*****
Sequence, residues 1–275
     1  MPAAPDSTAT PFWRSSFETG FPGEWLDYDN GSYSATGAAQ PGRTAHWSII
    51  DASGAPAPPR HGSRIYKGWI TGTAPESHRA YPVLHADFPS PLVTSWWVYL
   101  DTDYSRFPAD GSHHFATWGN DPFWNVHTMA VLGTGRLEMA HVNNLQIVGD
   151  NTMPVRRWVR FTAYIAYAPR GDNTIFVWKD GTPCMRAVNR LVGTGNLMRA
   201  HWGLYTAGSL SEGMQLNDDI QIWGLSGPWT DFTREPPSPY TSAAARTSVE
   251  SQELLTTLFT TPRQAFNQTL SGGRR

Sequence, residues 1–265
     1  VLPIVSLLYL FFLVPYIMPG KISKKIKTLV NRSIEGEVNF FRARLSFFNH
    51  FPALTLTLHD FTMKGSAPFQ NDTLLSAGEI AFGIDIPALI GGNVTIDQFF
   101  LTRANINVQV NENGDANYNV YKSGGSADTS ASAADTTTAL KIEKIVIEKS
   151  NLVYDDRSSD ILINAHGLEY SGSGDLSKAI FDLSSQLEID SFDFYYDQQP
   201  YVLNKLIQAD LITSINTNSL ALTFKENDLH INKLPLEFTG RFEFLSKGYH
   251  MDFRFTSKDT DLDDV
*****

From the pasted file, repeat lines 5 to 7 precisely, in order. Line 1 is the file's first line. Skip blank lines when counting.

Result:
   151  NTMPVRRWVR FTAYIAYAPR GDNTIFVWKD GTPCMRAVNR LVGTGNLMRA
   201  HWGLYTAGSL SEGMQLNDDI QIWGLSGPWT DFTREPPSPY TSAAARTSVE
   251  SQELLTTLFT TPRQAFNQTL SGGRR